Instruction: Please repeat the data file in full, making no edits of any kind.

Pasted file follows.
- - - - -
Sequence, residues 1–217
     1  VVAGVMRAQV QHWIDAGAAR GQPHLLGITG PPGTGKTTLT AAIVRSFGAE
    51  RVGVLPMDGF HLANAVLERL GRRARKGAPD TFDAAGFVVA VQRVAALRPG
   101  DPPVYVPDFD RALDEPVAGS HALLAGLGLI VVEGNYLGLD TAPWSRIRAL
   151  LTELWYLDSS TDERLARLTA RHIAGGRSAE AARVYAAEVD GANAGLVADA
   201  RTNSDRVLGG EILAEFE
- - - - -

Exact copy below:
Sequence, residues 1–217
     1  VVAGVMRAQV QHWIDAGAAR GQPHLLGITG PPGTGKTTLT AAIVRSFGAE
    51  RVGVLPMDGF HLANAVLERL GRRARKGAPD TFDAAGFVVA VQRVAALRPG
   101  DPPVYVPDFD RALDEPVAGS HALLAGLGLI VVEGNYLGLD TAPWSRIRAL
   151  LTELWYLDSS TDERLARLTA RHIAGGRSAE AARVYAAEVD GANAGLVADA
   201  RTNSDRVLGG EILAEFE